Did you hear the one about the technology blog that people started mistaking for Facebook?
It’s a funny story, really, but it teaches us a lot. In a nutshell, ReadWriteWeb wrote a workaday blog post one day, about a new log-in function on Facebook. Now, ReadWriteWeb is a high-ranking well-respected blog, and before long, that post had gained a high Google position for the term “Facebook log-in”.
So far, so good, until the post starts attracting a disproportionate number of irrelevant comments, all saying things like “What’s going on? I just want to get to my Facebook page!”. Yes, you guessed it, these were people who habitually get to Facebook by going to Google, typing in ‘Facebook login’ and selecting one of the top results.
Having reached that page, though, they don’t think, hmm, this doesn’t look like Facebook. No, they quickly look for a log-in box, enter their details, find they’re still on the same page, and leave a bewildered or angry comment.
At some point during this process, more savvy web-users pick up on what is going on and start to comment too. The resulting effect is a string of these discontent comments, interspersed with comments saying – with varying degrees of politeness – ‘This is not Facebook! Try typing Facebook.com into your address bar!’.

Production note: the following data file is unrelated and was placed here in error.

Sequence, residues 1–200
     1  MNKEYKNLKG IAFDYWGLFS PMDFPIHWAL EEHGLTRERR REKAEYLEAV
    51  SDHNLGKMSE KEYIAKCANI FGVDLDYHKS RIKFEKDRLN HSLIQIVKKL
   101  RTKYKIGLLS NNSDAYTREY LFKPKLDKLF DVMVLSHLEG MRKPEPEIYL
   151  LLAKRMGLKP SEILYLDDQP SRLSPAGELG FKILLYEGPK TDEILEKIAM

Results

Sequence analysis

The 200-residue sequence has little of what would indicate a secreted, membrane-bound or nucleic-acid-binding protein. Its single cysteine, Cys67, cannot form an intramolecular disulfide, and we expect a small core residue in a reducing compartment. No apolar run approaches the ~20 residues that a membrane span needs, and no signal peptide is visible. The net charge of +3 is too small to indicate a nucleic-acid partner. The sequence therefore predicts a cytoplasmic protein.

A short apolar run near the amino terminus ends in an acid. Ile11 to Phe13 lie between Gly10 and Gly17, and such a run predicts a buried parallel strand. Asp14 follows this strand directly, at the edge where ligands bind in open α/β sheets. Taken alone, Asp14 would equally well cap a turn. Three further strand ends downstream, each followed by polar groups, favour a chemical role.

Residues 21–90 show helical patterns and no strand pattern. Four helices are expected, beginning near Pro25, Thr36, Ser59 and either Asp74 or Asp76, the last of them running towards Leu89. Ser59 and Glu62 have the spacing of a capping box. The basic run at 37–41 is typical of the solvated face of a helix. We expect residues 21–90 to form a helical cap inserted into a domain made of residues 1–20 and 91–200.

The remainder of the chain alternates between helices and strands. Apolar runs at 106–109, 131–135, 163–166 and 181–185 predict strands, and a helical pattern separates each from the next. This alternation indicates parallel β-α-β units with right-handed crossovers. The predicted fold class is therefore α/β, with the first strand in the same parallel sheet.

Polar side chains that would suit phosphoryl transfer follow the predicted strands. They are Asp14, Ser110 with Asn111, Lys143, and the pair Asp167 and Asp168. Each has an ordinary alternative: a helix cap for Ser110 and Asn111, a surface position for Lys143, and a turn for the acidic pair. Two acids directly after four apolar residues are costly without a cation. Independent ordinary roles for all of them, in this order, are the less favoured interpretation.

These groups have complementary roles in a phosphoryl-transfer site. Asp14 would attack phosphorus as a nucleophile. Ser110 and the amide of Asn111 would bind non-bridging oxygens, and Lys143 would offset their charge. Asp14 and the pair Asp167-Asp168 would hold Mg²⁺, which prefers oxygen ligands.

Amusing or sad as this whole event might be, it does underline a couple of pertinent points. Number one, there are a lot of users out there for whom the internet feels like an irrational arena, prone to springing unwelcome surprises upon them. Longterm users have, without knowing, picked up an understanding of interfaces and vocabulary that not everyone shares.
Number two, everyone skims. There is so much irrelevant stuff on every webpage these days – ads, invitations to register, alerts, and so on – that skimming is a vital skill if you want to actually get anywhere. Can we blame these people for skimming what, at first sight, may just look like an announcement for a new piece of functionality? Goodness knows the ‘real’ Facebook does enough of that.
There’s a takeaway learning from this incident. You cannot underestimate your audience. Make your website as simple as possible, and when you’ve done that, make it twice as simple again. Remove unnecessary clutter. Don’t expect people to read your lovingly-crafted six paragraphs of text. Signpost the way. Your users will follow.